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Systems of Inequity: Representations of Immigrants, Refugees, and Newcomers in Canada's National Housing Strategy

  • Author / Creator
    Bell, Jennifer
  • Housing insecurity and homelessness in Canada have significant implications in the lived experiences of people. It is estimated that on any given night in Canada, approximately 35,000 people experience homelessness; further, estimates of 235,000 people experience homelessness in a given year (Gaetz, Dej, Richter & Redman, 2016). In addition, it has been estimated that 1.5 million people in Canada do not meet stable housing requirements. These estimates of housing insecurity and homelessness are impacted by myriad factors including economics, accessibility, politics, race and historical implications; conversely, housing directly influences many other social determinants including, health, access to services and social inclusion. Research has demonstrated that immigrants, refugees, and newcomers to Canada often find themselves in precarious housing circumstances. This precarity is magnified for a variety of reasons such as immigration status, access to social services, employment security, and discrimination.
    Another factor, which directly influences housing security and homelessness are current political climates. In this case, the most recent federal government promised and delivered on commitments to establish a National Housing Strategy (NHS). The purpose of housing strategies are to provide plans, goals, and financial commitments to addressing housing issues. Because housing is embedded in larger contextual milieus, it is critical to examine how individuals and circumstances are addressed in federal policies such as the National Housing Strategy (NHS).
    Research that addresses the complex experiences of immigrants, refugees, and newcomers can help to create policies that are inclusive. The purpose of this research was to examine how Canada’s National Housing Strategy reflected the unique housing needs of immigrants, refugees, and newcomers. The research question was answered using a version of intersectionality-based critical policy analysis (IBCPA) developed by Hankivsky et al. (2012); data collection and analysis was divided into two data sets and two phases. The first stage of analysis and data set focussed on the NHS document specifically. Using a set of critical questions outlined by the method, the NHS was examined, revealing three main themes related to immigrants, refugees, and newcomers: problematic representations, conceptualizations of power, and how context impacts housing for immigrants, refugees, and newcomers. Using intersectionality as the theoretical perspective, these themes are discussed in relation to each other and current hegemonic ideologies in Canadian society. The second phase of the research uses the second data set: interview data I collected from four policy stakeholders. In this phase, I presented interview participants with the results from the first phase of the project. Using semi-structured interviews, I explored with them the history of housing policy in Canada, how the current NHS was generally received, and how they thought it would impact immigrants, refugees, and newcomers given housing precarity in a segment of this population. Again, using intersectionality to frame the results, four themes emerged: the absence of lived experiences related to housing insecurity and homelessness among immigrants, refugees, and newcomers, the impact policies have on housing issues, overall neo-colonial and racist representations of immigrants, refugees, and newcomers in the NHS, and solutions to the problem of housing insecurity and homelessness among immigrants, refugees, and newcomers. These results are discussed in relation to each other. Further, they assist in identifying and challenging power differentials to examine hegemonic ideologies which emerged in the data.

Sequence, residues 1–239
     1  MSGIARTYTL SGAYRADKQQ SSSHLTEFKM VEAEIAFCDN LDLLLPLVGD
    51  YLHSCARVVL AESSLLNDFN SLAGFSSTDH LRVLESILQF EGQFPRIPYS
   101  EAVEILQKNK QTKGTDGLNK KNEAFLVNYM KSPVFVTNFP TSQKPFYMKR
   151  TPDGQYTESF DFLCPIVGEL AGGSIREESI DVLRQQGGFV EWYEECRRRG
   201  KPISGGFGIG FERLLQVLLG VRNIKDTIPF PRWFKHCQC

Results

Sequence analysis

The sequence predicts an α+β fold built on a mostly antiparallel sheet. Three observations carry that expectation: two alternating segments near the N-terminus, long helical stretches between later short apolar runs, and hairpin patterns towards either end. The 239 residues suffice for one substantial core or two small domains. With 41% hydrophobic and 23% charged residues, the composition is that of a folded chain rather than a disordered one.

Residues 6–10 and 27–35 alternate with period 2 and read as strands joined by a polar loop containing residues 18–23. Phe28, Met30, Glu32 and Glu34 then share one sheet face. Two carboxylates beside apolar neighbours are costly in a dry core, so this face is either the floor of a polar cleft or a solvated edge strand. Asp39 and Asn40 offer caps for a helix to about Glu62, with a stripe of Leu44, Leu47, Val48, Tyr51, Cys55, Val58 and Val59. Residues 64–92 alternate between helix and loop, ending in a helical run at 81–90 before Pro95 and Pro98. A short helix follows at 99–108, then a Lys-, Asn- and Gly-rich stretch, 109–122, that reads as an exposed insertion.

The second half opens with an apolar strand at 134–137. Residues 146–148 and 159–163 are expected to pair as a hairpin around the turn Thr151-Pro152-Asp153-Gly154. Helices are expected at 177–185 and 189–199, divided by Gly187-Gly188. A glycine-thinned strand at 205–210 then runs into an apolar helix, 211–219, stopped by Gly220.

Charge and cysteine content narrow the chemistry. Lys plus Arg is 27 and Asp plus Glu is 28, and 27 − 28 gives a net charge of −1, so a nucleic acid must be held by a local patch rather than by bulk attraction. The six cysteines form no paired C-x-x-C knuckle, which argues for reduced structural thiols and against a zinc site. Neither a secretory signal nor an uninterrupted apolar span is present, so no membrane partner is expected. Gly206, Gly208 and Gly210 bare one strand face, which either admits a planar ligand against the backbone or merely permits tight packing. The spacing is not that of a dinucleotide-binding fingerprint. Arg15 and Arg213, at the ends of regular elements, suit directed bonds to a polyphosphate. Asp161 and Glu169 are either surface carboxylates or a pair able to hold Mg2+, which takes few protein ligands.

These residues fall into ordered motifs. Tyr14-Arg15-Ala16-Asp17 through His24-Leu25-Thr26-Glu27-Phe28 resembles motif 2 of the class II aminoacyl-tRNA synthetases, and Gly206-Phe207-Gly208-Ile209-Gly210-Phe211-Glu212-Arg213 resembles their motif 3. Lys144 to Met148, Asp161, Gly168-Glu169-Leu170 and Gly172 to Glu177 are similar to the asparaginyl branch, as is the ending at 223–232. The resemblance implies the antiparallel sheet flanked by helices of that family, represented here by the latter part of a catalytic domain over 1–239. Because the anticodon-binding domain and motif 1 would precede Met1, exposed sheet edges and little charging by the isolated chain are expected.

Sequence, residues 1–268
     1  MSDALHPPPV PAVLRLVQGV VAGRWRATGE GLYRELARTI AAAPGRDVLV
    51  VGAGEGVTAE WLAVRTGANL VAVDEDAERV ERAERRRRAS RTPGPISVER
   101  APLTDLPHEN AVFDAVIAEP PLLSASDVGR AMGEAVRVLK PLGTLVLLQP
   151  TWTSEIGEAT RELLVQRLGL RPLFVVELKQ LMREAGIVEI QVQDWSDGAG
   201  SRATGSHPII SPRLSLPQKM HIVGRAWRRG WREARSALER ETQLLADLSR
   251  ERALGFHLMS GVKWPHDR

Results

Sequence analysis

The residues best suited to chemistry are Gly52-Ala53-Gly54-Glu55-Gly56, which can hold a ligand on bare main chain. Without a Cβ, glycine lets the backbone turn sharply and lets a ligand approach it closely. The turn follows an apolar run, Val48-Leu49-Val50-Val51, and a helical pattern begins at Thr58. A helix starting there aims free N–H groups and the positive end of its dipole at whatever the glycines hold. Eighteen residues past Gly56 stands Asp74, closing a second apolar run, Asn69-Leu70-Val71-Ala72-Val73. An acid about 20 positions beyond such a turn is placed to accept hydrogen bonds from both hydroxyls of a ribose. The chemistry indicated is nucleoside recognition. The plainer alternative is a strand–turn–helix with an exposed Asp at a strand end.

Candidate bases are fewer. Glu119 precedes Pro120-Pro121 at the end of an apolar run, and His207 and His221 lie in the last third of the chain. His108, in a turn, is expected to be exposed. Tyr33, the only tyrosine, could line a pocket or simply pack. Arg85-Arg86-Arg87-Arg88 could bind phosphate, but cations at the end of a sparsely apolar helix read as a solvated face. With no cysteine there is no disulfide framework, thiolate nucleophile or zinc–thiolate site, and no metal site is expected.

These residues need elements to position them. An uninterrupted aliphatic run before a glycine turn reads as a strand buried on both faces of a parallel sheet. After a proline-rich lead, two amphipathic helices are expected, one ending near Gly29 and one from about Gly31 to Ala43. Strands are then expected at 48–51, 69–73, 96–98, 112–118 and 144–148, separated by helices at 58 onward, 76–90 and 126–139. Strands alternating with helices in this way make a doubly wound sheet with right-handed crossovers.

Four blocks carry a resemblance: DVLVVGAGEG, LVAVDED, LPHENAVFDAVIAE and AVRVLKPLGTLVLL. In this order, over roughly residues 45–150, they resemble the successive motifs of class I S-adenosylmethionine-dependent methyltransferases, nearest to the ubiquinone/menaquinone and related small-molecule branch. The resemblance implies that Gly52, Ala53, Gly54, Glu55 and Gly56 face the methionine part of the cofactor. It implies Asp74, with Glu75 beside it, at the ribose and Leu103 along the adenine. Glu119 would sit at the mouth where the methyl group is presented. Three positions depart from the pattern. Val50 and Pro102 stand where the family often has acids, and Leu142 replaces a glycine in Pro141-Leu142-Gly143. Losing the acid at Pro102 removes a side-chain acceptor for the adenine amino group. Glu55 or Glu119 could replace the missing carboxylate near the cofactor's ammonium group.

In addition to the results from the research study, this dissertation explores several other areas of inquiry. One of the chapters explores my positionality as a researcher and how this positionality relates to research projects, while taking a critical and personal examination about how I am connected to this work. Another area of exploration is to describe the methodological processes and implications of using intersectionality-based critical policy analysis. Finally, I present a discussion paper in which the implications of using intersectionality as a theoretical proposition in nursing can be used to foster leadership for nurses aiming to impact social policy issues.

  • Subjects / Keywords
  • Graduation date
    Fall 2019
  • Type of Item
    Thesis
  • Degree
    Doctor of Philosophy
  • DOI
    https://doi.org/10.7939/r3-bdwe-q749
  • License
    Permission is hereby granted to the University of Alberta Libraries to reproduce single copies of this thesis and to lend or sell such copies for private, scholarly or scientific research purposes only. Where the thesis is converted to, or otherwise made available in digital form, the University of Alberta will advise potential users of the thesis of these terms. The author reserves all other publication and other rights in association with the copyright in the thesis and, except as herein before provided, neither the thesis nor any substantial portion thereof may be printed or otherwise reproduced in any material form whatsoever without the author's prior written permission.